The Verge: F8 is here — and so are some really big questions about Facebook’s future. “Most of the giant platforms have an easy pitch for developers. Apple developers make apps for iOS and Mac, then sell them for money. Google developers make Android apps and ChromeOS hardware, then sell them for money. Amazon developers launch businesses on AWS or Amazon’s storefront, and then sell goods and services for money. Today Facebook’s annual F8 developer conference kicks off in San Jose, and it’s worth noting how complicated its pitch to developers has become.”


The Guardian: ‘They’re not property’: the people who want their ancestors back from British museums. “On 20 March this year, more than 150 years after they were cut from the corpse of the Ethiopian emperor Tewodros II by a British soldier, two locks of hair were returned by the National Army Museum in London after a request from Addis Ababa. A few days later, Norway’s King Harald V and Queen Sonja signed an agreement to repatriate thousands of artefacts, including a number of skulls, to the Rapa Nui people of Easter Island. And in April, German institutions will conduct their largest ever transfer of remains to Australia, involving 53 items from five sites in Munich, Stuttgart and Berlin. This follows a ‘joint declaration on the handling of colonial collections’ by ministers from all 16 German states, which argued that human material ‘does not belong’ behind glass.”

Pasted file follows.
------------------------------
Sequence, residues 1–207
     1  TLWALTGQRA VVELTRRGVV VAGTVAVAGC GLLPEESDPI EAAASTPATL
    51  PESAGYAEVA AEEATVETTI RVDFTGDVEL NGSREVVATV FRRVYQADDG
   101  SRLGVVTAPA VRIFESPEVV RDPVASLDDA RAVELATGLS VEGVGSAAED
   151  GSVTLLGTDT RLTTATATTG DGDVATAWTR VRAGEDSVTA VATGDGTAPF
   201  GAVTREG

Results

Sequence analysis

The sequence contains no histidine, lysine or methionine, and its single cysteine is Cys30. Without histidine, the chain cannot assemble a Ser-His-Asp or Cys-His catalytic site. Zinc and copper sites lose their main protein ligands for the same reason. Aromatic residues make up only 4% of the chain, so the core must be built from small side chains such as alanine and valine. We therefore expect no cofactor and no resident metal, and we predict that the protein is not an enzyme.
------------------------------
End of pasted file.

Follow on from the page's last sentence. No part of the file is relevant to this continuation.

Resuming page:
The Daily Iowan: Transgender Oral History Project celebrates and preserves trans history in Iowa. “An oral-history project can help preserve history of communities and serves as an important archive for those hoping to do research. A University of Iowa researcher hopes to create that kind of archive for the transgender community across the state with the Transgender Oral History Project of Iowa.”